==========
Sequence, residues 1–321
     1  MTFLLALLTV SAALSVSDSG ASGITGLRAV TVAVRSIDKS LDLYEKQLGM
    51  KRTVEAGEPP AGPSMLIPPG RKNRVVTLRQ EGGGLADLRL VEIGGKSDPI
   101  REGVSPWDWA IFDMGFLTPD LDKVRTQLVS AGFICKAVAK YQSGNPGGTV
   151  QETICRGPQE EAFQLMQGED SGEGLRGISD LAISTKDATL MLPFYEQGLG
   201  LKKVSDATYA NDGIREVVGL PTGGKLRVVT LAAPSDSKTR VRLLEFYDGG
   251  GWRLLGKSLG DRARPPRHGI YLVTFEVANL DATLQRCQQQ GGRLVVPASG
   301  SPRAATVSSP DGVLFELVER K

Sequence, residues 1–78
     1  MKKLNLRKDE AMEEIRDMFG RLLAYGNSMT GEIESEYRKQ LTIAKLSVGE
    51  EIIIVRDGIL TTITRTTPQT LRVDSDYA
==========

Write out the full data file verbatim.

Sequence, residues 1–321
     1  MTFLLALLTV SAALSVSDSG ASGITGLRAV TVAVRSIDKS LDLYEKQLGM
    51  KRTVEAGEPP AGPSMLIPPG RKNRVVTLRQ EGGGLADLRL VEIGGKSDPI
   101  REGVSPWDWA IFDMGFLTPD LDKVRTQLVS AGFICKAVAK YQSGNPGGTV
   151  QETICRGPQE EAFQLMQGED SGEGLRGISD LAISTKDATL MLPFYEQGLG
   201  LKKVSDATYA NDGIREVVGL PTGGKLRVVT LAAPSDSKTR VRLLEFYDGG
   251  GWRLLGKSLG DRARPPRHGI YLVTFEVANL DATLQRCQQQ GGRLVVPASG
   301  SPRAATVSSP DGVLFELVER K

Sequence, residues 1–78
     1  MKKLNLRKDE AMEEIRDMFG RLLAYGNSMT GEIESEYRKQ LTIAKLSVGE
    51  EIIIVRDGIL TTITRTTPQT LRVDSDYA